At press time, one could sense the anxiety level of crop producers. The reason being that springtime is slow to arrive. It’s of particular concern in southern Alberta — the home of many specialty crops that need to be seeded early into a warming soil. Growers of sugar beets, potatoes, beans, corn and a host of vegetables are getting worried not just with the late spring but the possibility of late frosts in May. The other side of the coin is that with a later start it will take an exceptional summer to avoid a late harvest and the spectre of early September frosts.
One can cite that this is just the risk of cold climate farming, but this has not been the trend in the last few years. One of the benefits of global warming, at least in this part of the country, has been earlier springs. Even an advancement of a week is critical as it allows for better and more timely land preparation. That helps the agronomics of a crop-growing plan and has a significant impact on better yields at harvest.
To add to the late spring woe, there has been steady snow and rainfall in most areas. Moisture is always welcome, but in the springtime it can add days of delay due to wet fields. Over the years at least with some crops, wet fields are becoming of increasing concern because of the immense size of machinery. Depending on the situation big rigs can cause significant rutting or soil compaction on wet soils. One could anticipate that with weather and moisture delays, the seeding of many crops could be delayed well into late May. That’s no big deal in northern parts of the province where growers are used to seeding in late May and even early June, but it’s a bad start for specialized crops. On the other hand a wet spring is usually good news for pasture and hay crops, which makes livestock producers happy campers.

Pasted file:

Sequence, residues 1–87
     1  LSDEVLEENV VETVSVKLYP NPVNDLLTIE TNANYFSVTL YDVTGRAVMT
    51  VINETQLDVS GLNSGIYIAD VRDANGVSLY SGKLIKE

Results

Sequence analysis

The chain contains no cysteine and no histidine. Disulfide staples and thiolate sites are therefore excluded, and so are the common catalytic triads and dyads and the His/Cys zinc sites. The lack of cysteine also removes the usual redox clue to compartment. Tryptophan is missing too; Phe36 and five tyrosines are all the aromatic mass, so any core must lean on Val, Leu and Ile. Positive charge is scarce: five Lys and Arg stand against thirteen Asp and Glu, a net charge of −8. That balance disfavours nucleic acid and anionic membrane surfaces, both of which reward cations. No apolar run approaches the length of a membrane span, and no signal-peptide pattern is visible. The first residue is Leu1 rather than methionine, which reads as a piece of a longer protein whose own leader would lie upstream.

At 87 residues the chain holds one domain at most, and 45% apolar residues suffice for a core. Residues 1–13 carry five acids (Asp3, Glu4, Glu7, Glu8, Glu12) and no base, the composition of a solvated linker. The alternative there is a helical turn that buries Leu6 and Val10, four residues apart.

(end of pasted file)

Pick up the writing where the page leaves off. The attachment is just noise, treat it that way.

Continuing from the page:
There is good news for irrigation farming, the snowpack in the mountains seems to be average and if there is a regular runoff, reservoirs will be full for most of the year. An ace in the hole for the industry have been the technology leaps that has seen water application efficiency increase by up to 20 per cent. Add into that canal replacement with pipelines, and water shortages are becoming less of a threat even if the snowpack is down. It’s one of those little publicized environmental success stories that the public doesn’t hear much about. It has a down side being that progress is used against the industry by green lobby groups as an indication that major irrigation infrastructure does not need to be further developed and expanded.
There is also anxiety brewing in the livestock industry. The cattle feedlot and beef packing industry have seen significant per head losses for some time now with some lots empty due to financial distress. With losses of around $100 per head only the well-financed will survive. Luckily we have very sophisticated operators well versed with risk management techniques to survive this round. One does fear for cow/calf operators who will surely end up paying for a good chunk of those losses come this fall. The only thing that may save them from that marketing correction is that the cow herd continues to decline and affects the feeder calf supply. But if there are fewer feedlot buyers and continued border restrictions that may not help them, either.
One of the causes of feedlot financial distress has been the high price of feedgrains over the past year. There was hope for this year being that there were indications that corn seeding would increase significantly in the U.S. midwest. More corn would put pressure on feedgrain prices in Alberta as feedlot operators have shown no hesitation in bringing trainloads of corn into Alberta when the price is right. But lower feedgrain prices might be illusion being the late spring is also occurring in the U.S. upper midwest where new corn acreage was being planned.
So there you have it — almost universal anxiety for the ag industry this spring. But then a good summer, timely rains and late frosts could change the crop and livestock situation to everyone’s benefit. I guess that’s the annual hope of agriculture.
— AHEAD OF THE HEARD